Government Initiatives Create VAR Opportunities
When government funding becomes available for community technology initiatives, channel companies with fitting solutions will profit.
The Violent Crime Control and Law Enforcement Act of 1994, commonly referred to as the "crime bill," authorized more than $30 billion in federal spending to help municipalities fight crime. Of that total, Title XXI of the bill allocated $40 million to improve "police technical automation," which includes the improvement of mobile digital terminals and communication and dispatch systems, the automation of fingerprint ID systems, and the computerization of criminal history records. For Kathy Pakkebier, President Bill Clinton's signature on the bill was an autographed ticket to opportunity. Pakkebier is president of Portable Computer Systems (PCS) (Littleton, CO), a mobile computing hardware VAR that specializes in law enforcement installations.
Selling A Reputation
Founded in 1993, PCS entertains such large clients as the Denver, Lakewood, and Jefferson County police departments in Colorado and the St. Louis and Tucson police departments in Missouri and Arizona. The company sells hardware and integration services only, and deals exclusively with Panasonic's (Secaucus, NJ) ToughBook line of ruggedized laptops.
At a trade show in 1999, Pakkebier met with representatives from the Colorado State Patrol (CSP) who had just spent a portion of their crime bill grant money on a software program for incident reporting. The CSP was looking for hardware to support its new software investment. PCS won the $3 million account based on its experience equipping other large police forces with mobile computing hardware. In a three-phase effort that was recently completed, PCS outfitted 370 CSP vehicles with ToughBooks using Gamber-Johnson (Stevens Point, WI) mounting hardware, L&E (Conshohocken, PA) docking stations, and Sierra Wireless (Richmond, British Columbia) data modems. For every installation it performs, PCS gets a 10% to 15% margin over the cost of the hardware installed.
The Panasonic ToughBooks installed by PCS are wireless-ready and feature antireflective LCD screens with touch input. These features allow law enforcement officials to operate the notebook from both inside and outside the patrol car. Prior to the mobile computing project, most CSP officers were accessing the National Crime Information Computer (NCIC), a nationwide crime information clearinghouse, by contacting a dispatcher via RF (radio frequency) communication. The officer would give the dispatcher information, such as a license plate number, and the dispatcher would run the query through the NCIC via the station's Internet connection. With the introduction of the wireless mobile computing installation, officers can bypass the dispatcher and access information from the NCIC and other databases directly from the patrol car. Additionally, the computer expedites the infamous paperwork police officers have to complete. Paperless accident and incident reports are automated and filed electronically. Officers can even communicate with each other while on the beat via Internet-enabled e-mail and chat programs like ICQ (I seek you).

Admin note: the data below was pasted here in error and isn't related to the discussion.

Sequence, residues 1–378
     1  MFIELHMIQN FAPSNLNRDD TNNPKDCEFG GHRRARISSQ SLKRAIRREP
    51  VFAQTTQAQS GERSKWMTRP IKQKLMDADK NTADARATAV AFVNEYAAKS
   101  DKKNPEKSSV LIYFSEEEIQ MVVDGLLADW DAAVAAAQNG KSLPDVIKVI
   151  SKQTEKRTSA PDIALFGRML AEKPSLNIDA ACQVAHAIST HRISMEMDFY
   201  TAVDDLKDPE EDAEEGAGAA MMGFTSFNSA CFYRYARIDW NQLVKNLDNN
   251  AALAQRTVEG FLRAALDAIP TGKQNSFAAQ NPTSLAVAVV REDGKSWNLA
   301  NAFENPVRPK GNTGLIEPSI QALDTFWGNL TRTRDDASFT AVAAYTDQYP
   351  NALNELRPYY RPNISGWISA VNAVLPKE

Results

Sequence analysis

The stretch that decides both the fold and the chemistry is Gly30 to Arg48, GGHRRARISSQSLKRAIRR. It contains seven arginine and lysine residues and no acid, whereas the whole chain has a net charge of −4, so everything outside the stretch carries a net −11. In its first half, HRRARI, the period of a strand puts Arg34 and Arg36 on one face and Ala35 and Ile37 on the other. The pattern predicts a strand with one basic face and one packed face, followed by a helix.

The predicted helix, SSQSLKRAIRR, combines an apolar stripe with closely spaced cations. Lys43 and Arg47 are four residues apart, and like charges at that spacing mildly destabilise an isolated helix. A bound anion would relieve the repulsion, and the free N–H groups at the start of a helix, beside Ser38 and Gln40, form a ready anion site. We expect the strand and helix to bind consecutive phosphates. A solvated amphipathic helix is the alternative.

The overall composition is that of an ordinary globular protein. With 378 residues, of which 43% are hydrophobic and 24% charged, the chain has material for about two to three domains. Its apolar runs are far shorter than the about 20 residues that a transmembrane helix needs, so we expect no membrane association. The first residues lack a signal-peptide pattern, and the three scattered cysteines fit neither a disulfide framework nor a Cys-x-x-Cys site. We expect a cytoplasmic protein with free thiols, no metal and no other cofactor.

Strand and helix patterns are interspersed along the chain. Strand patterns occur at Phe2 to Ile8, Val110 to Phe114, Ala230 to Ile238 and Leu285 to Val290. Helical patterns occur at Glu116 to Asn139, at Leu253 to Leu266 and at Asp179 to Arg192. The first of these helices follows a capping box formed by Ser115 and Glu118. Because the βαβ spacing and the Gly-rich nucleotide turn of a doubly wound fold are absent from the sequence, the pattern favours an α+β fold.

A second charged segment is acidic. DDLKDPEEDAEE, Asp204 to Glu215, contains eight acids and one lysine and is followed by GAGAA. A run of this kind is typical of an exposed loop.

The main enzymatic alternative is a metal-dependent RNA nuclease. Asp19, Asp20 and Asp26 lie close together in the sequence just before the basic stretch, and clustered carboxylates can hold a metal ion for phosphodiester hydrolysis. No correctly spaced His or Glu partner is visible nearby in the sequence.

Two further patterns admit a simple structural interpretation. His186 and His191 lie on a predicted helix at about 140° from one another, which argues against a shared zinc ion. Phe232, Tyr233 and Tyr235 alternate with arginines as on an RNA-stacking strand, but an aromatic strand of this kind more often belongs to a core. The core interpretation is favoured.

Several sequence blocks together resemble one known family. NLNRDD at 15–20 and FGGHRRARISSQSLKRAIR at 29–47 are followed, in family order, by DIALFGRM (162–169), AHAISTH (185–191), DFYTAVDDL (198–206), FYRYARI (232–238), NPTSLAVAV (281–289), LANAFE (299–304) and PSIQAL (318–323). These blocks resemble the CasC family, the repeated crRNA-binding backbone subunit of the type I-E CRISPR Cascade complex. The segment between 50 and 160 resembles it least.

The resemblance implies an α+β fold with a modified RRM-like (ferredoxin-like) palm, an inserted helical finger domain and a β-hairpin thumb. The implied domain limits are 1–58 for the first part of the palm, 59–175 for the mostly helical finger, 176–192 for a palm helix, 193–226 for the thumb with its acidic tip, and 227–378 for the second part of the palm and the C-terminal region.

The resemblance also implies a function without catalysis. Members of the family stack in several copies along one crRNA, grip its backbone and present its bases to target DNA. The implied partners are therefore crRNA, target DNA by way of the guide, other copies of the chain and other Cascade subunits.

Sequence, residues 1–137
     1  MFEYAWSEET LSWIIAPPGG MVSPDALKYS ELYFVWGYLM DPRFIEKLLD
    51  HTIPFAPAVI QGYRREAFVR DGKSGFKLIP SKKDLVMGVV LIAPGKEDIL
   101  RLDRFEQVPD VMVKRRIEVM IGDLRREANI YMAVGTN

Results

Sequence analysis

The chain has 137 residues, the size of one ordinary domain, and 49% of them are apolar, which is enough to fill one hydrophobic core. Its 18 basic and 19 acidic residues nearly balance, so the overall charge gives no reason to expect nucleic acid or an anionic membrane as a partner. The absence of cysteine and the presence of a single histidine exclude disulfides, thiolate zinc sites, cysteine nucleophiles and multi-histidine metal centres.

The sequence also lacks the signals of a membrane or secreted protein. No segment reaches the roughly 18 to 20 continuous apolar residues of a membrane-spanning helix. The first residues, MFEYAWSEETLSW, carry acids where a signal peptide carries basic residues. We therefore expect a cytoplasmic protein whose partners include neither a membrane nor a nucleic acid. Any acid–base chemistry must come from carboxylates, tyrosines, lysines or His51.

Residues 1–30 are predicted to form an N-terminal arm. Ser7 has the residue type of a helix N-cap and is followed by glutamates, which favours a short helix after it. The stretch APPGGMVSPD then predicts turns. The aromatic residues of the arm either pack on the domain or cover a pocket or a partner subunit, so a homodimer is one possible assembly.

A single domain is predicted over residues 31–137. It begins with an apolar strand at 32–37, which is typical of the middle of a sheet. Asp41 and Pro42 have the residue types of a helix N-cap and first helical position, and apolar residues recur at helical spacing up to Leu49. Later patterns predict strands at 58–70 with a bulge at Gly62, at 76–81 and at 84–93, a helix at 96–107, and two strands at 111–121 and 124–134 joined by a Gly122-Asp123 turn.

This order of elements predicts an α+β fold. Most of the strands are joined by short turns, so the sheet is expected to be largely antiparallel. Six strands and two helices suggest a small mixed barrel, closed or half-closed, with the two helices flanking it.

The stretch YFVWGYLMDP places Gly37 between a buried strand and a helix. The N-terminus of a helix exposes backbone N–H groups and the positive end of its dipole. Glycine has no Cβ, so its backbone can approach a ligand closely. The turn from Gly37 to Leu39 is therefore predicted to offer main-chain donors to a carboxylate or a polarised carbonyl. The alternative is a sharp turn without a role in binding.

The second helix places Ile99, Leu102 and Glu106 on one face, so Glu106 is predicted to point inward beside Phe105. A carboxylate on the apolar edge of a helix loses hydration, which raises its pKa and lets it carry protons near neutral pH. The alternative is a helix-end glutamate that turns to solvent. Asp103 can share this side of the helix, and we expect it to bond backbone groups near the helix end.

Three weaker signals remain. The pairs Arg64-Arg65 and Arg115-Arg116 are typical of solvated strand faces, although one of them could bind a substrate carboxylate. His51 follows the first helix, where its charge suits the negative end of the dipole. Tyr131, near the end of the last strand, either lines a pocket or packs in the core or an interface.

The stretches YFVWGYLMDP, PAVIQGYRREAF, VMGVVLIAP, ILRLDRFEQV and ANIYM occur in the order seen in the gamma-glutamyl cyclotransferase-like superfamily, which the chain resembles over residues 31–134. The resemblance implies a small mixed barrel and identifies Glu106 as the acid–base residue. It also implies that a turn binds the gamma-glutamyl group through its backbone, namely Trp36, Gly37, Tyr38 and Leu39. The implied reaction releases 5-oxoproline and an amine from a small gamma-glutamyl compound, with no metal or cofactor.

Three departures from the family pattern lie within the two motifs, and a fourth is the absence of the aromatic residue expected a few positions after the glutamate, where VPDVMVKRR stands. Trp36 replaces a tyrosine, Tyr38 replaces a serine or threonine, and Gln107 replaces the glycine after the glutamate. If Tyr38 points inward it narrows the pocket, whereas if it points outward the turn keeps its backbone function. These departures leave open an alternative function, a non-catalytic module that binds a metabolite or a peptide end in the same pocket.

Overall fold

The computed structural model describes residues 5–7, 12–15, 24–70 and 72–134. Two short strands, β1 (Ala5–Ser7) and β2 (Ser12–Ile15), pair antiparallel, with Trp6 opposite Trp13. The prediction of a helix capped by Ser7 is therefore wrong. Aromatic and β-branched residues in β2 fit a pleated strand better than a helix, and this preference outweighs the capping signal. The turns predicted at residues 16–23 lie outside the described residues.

Challenging Installation Environments
The installations PCS completes for law enforcement clients take place in vehicles ranging from Ford Crown Victoria police cruisers to speedy Chevrolet Camaros and go-anywhere Jeep Cherokees. The variance in the type of vehicle being equipped and its intended use provides some unique installation challenges. "Vibration, heat, and bumping kill hard drives," Pakkebier says. "But these units have to stay in the car and perform whether the car is on a bumpy, high-speed chase or sitting in hot sunlight." Docking and mounting hardware must be rock-solid, yet vibration-dampening. Pakkebier is quick to point out the challenge of space limitations as well. "Camaros are a real challenge; there's just not a lot of room in there," she says. Custom mounting hardware is required for each of the different car models PCS equips.
Users must be able to disconnect their computers rapidly, so PCS uses in-vehicle connectors with easy removal features. A quick-release lever allows the unit to be rapidly detached from the docking station.
The Trouble With Training
Overcoming the objections of a street-hardened veteran cop can be a challenge. Pakkebier concedes that training older officers is harder than training newer ones. "The younger guys are more computer savvy in the first place and not so stuck in their ways," she says.
PCS' extensive training effort goes beyond post-installation training of end users. The company also offers training classes to the IT staffs of police departments who want to conduct their own installations.
With so many mobile workstations in constant service, the VAR maintains an almost daily contact relationship with the CSP. "We continue to retrofit cars and reimage software," Pakkebier says. "Believe it or not, we even have to replace stolen units from time to time." Stolen computers from police cars? Between the funding and the service contract, you might say criminals are keeping companies like PCS in business.